Schizophrenia Tied to Much Higher Risk of Suicide Attempts
Surge seen among women and people with history of drug or alcohol abuse, researchers find
THURSDAY, Feb. 18, 2016 (HealthDay News) -- Schizophrenia patients are at significantly increased risk of attempting suicide, a new study finds.
Researchers analyzed data from more than 21,700 Canadians, including 101 who had been diagnosed with schizophrenia. About 39 percent of people (two in five) with schizophrenia had attempted suicide, compared with about 3 percent of people without the mental health disorder.
"Even after taking into account most of the known risk factors for suicide attempts, those with schizophrenia had six times the odds of having attempted suicide in comparison to those without schizophrenia," study author Esme Fuller-Thomson said in a University of Toronto news release. Fuller-Thomson is a professor of social work at the university.
When researchers focused only on the 101 individuals with schizophrenia, they found that "women and those with a history of drug or alcohol abuse and/or major depressive disorder were much more likely to have attempted suicide," study co-author Bailey Hollister, a recent social work graduate, said in the news release.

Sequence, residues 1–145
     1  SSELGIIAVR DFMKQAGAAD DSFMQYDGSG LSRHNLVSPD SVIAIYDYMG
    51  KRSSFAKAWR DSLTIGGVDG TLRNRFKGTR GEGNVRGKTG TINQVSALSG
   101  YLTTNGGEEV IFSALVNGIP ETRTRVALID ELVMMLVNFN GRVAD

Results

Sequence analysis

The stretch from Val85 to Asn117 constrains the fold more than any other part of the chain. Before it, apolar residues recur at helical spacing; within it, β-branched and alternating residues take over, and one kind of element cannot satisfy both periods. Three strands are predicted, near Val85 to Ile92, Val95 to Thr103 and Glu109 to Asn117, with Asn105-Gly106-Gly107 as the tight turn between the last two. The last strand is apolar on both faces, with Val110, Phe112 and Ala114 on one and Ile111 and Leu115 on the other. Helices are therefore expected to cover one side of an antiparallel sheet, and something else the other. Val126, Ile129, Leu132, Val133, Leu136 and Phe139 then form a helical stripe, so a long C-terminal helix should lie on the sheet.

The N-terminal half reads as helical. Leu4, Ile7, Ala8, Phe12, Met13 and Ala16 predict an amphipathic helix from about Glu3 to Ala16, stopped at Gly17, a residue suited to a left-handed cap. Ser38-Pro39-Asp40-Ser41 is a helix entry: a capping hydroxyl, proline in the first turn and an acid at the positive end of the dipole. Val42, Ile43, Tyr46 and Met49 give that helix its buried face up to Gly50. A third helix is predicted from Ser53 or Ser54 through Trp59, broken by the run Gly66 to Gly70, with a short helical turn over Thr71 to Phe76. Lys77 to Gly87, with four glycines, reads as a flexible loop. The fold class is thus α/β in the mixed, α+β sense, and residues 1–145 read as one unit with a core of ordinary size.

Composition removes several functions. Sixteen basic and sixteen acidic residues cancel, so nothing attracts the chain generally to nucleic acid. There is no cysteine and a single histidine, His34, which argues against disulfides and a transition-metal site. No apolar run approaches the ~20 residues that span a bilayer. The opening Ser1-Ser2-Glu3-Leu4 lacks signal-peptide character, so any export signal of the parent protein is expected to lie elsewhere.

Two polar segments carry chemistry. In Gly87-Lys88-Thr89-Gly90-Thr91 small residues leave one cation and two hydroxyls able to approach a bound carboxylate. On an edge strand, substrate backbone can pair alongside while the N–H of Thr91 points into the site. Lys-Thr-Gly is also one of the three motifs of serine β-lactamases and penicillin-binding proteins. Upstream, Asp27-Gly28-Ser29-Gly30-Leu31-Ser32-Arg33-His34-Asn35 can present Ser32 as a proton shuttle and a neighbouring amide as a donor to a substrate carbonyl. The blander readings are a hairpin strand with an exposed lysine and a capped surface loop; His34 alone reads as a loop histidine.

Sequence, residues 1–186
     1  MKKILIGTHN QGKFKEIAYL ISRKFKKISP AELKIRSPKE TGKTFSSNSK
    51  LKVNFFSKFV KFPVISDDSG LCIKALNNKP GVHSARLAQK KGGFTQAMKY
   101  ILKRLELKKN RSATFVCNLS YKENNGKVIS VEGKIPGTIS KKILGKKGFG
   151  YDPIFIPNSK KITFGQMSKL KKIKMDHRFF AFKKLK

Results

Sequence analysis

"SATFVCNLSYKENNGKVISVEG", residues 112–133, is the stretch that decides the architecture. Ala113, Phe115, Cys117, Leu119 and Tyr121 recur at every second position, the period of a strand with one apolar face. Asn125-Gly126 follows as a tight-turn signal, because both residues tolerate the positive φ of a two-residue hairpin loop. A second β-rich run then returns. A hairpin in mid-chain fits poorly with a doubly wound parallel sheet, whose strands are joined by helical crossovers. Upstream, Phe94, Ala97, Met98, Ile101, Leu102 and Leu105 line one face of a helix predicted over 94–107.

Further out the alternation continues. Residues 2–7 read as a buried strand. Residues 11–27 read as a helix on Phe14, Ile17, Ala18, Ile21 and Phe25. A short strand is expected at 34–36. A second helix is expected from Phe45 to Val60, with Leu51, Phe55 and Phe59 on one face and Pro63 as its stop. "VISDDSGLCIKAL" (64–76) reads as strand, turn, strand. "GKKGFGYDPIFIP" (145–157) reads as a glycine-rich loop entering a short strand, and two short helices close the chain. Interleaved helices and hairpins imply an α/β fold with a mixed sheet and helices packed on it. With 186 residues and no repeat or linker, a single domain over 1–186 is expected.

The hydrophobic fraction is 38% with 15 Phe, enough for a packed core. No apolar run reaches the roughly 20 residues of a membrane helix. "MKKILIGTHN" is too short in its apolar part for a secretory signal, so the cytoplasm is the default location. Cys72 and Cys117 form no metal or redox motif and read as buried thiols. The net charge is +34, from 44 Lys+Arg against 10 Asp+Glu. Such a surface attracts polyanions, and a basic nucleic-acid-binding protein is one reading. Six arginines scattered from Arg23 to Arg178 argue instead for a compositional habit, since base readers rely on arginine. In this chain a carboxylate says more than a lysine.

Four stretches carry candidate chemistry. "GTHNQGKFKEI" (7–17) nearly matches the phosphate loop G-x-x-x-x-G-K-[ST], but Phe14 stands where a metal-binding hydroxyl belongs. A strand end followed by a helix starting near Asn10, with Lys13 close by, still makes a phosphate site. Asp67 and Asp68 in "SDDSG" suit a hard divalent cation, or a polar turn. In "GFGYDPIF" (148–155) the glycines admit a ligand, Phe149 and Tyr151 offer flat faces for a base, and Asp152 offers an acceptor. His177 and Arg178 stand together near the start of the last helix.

The study findings show that those with schizophrenia are an extremely vulnerable population, Fuller-Thomson said. "Knowledge of the added risk of suicide attempts associated with childhood abuse and substance abuse could help clinicians improve targeting and outreach to this population," she added.
The study was published online recently in the journal Schizophrenia Research and Treatment.
The U.S. National Institute of Mental Health has more about schizophrenia.